IR35 is a word used to describe two sets of tax legislation that are designed to combat tax avoidance by workers and the firms hiring them, specifically targeting those who are supplying their services to clients via an intermediary, such as a limited company.
Such workers are called ‘deemed employees’ by Her Majesty’s Revenue and Customs (HMRC). If caught by IR35, they have to pay income tax and National Insurance Contributions (NICs). The financial impact of IR35 is significant. It can reduce the worker’s net income by up to 25%, costing the typical limited company contractor thousands of pounds in additional income tax and NICs.
Inside IR35 is HMRC’s term for individuals registered as limited companies that act like employees and are in violation of this regulation.
Companies that do not violate IR35 are known as “outside IR35” and won’t face any additional fees or penalties. Even if they’re a one-person business, these companies operate independently from their clients and choose when, where and how they work.
What has changed?
In April this year, new off-payroll working rules were introduced. Medium and large-sized private sector employers are now responsible for determining whether IR35 rules apply - as well as the liability for any underpaid tax. Previously it was the responsibility of the contractor to determine their employment status.
You may be affected by the rules if you are:
- a worker who provides their services through their intermediary
- a client who receives services from a worker through their intermediary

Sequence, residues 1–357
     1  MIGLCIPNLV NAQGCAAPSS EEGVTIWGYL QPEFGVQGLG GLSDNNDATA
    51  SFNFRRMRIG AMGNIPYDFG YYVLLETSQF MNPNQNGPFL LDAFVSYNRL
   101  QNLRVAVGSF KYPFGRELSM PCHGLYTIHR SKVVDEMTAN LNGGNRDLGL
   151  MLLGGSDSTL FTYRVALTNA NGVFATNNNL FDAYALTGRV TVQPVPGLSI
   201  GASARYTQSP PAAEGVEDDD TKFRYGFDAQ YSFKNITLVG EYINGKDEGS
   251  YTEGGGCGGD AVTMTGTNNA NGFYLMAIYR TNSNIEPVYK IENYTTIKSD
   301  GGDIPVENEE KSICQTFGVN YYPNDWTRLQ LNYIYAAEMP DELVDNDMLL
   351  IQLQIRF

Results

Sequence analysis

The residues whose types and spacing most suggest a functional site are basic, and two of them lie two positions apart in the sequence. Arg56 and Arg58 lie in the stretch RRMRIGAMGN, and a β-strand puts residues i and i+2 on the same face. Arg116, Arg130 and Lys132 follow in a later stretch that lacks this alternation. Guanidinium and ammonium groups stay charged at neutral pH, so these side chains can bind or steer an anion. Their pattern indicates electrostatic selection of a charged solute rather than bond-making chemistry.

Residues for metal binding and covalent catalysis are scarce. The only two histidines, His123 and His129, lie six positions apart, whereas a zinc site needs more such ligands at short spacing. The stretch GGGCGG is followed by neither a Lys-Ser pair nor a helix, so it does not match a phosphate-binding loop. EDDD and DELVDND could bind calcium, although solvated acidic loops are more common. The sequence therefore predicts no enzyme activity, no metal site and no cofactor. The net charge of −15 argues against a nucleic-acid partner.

- an agency providing workers’ services through their intermediary.
HMRC can examine the contractor’s tax status at any time. When evaluating whether someone is inside or outside IR35, HMRC will consider the three following factors:
- Control. How much power does the business have over what, how, when and where the contractor completes the assignment? The more control, the more likely the contractor is inside IR35.
- Substitution. Can someone else complete the assignment or is it contractor and person-specific? You’re more likely to be inside IR35 if the latter applies.
- Mutuality of obligation. Is the business obligated to provide work? Must the contractor accept it? If the answer is yes, then you’re probably operating inside IR35.
What is the impact of IR35 on workers?
It is estimated that around 500,000 contractors will be impacted by the legislation. If an employer has determined that IR35 rules apply, Income Tax and employee National Insurance contributions must be deducted from your fees and paid to HMRC, but you won’t be awarded holiday pay or statutory leave. This can potentially reduce take-home pay by as much as 25%.
Being assessed as inside IR35 can have a serious financial impact on the contractor. HMRC can go back at least six years and evaluate all contracts within this time to see if the legislation applies. As a result, contractors could end up owing hundreds of thousands of pounds.
If you are a sole trader, you are not affected by IR35, as the legislation applies only to incorporated companies. However, the rules around designation of employment status – which are closely tied to IR35 – affect everyone who provides a service to a client including sole traders.
By Anirudh Nair